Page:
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Shatter the Stigma of Mental Illness

Jennifer Marshall doesn’t want talking about mental illness to be brave. She wants it to be talking.

Jennifer is the co-founder of This is My Brave. If you want a brilliant definition of the stigma engulfing discussions around mental illness, watch her TEDx talk. The stigma, she describes, draws its power from silence, from a fear of speaking out and being seen as weak. When one in five people in a given year lives with a diagnosable mental illness, that silence impacts tens of millions.

To destigmatize mental illness and create empathy, this nonprofit gives people the forum to share their stories through music, comedy, and writing. They’re building a dialogue and creating hope.

This is My Brave encourages those millions to stand up and provides a stage for those impacted by mental illness to shatter the stigma. They produce live performances of song, poetry, and spoken word around the world.

If you have the chance to see a This is My Brave show, you should do it. To see teenagers and war vets, friends and single moms openly talk about their experiences will move you, shed light on a topic often left in darkness, and introduce you to a vibrant, open community. The more people join together to experience these stories, the less power stigma has.

You can be part of that community right now. You can help organize a show near you, you can see past performances, you can share your own story on their blog. Storytelling sparks conversations which create connections. As This is My Brave sees it, storytelling saves lives. That could be a friend’s life, a family member’s life, or your life.https://thisismybrave.org/host-a-mini-show/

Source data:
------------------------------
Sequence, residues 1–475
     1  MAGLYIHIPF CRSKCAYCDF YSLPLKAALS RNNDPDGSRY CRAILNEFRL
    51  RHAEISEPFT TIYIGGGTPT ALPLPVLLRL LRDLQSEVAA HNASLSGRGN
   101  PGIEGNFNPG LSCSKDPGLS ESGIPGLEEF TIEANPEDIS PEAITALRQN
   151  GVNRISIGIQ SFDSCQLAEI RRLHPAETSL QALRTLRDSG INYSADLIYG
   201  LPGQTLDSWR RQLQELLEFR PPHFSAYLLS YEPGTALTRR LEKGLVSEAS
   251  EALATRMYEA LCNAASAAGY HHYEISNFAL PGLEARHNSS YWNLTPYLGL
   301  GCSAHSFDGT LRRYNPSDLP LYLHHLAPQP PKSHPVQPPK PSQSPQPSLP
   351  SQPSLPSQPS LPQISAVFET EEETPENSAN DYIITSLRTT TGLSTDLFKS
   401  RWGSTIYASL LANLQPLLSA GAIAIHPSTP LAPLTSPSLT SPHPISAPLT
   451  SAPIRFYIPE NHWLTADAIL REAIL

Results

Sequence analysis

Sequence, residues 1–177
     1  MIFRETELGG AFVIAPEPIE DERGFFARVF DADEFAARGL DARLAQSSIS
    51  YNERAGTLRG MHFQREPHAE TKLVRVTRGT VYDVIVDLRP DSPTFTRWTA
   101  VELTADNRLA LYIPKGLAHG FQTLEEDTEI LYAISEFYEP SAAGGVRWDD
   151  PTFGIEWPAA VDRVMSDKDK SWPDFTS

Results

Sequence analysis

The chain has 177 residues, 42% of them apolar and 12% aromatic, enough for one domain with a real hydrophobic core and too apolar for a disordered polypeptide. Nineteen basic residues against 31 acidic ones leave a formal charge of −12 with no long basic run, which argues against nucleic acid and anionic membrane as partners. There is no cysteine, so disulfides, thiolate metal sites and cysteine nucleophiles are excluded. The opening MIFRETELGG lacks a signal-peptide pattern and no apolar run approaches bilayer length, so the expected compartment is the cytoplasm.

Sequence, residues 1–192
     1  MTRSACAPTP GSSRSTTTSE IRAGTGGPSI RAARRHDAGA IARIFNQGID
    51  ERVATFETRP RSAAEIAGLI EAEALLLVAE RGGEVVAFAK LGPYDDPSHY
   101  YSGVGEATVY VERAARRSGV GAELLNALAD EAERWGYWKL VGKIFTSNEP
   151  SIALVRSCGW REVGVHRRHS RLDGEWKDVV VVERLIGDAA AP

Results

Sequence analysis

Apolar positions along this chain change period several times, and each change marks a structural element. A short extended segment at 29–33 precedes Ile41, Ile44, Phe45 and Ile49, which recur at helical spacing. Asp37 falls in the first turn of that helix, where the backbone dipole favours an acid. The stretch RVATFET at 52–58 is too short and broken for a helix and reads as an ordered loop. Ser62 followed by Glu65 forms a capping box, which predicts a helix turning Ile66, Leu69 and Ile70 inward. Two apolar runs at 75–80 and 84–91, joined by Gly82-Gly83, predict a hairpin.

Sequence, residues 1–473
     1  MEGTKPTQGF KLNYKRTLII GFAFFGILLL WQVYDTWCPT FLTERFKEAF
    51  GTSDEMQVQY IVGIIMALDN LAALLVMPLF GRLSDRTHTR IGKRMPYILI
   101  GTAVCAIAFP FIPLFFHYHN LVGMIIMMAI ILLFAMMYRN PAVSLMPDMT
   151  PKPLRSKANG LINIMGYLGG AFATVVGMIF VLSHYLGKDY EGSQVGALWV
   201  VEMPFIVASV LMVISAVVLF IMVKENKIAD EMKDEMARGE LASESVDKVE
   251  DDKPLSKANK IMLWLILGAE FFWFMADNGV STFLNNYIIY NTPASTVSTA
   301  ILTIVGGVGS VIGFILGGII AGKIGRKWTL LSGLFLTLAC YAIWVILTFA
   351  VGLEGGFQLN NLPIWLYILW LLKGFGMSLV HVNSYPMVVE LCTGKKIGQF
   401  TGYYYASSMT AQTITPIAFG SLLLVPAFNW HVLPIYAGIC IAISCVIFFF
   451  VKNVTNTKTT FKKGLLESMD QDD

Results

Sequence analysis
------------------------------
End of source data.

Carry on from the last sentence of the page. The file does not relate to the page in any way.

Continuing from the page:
This movement is not only being championed by This is My Brave, it’s reaching larger and larger audiences. Last year, comedian Maria Bamford appeared on Fusion’s The Chris Gethard Show, a comedic variety show, to talk about mental health. It was an hour of comedians and callers from around the country swapping stories of medication and manic episodes.

HBO recently debuted Gethard’s one-man off-Broadway show, Career Suicide, which touches on his issues with panic attacks and suicide’s tagline. Bamford, on her Netflix special ‘Old Baby,’ discusses her mental breakdown and the homogenous decorating of psychiatric hospitals.

To destigmatize mental illness and create empathy, this nonprofit gives people the forum to share their stories through music, comedy, and writing. They’re building a dialogue and creating hope.

Bamford’s special is an edited piece of an unedited life. It’s a challenge to open up about your struggles. And so when it starts on her delivering her first joke to herself in the mirror, you’re given a sense of how the journey of sharing begins. Then you see that journey progress. She performs the next bit for a stranger and his dog, then four 30-somethings at the end of a driveway before culminating onstage in front of a crowd. With each joke, she opens herself up a little bit more. She lets more people in.

It captures what a difficult process it is being comfortable sharing your story of mental illness. You have to articulate it to yourself first and then maybe a few people before you even think about saying it in a public space. It’s vulnerable and brave and inspiring and one day soon, it will just be normal.

Watch the This is My Brave video, here.

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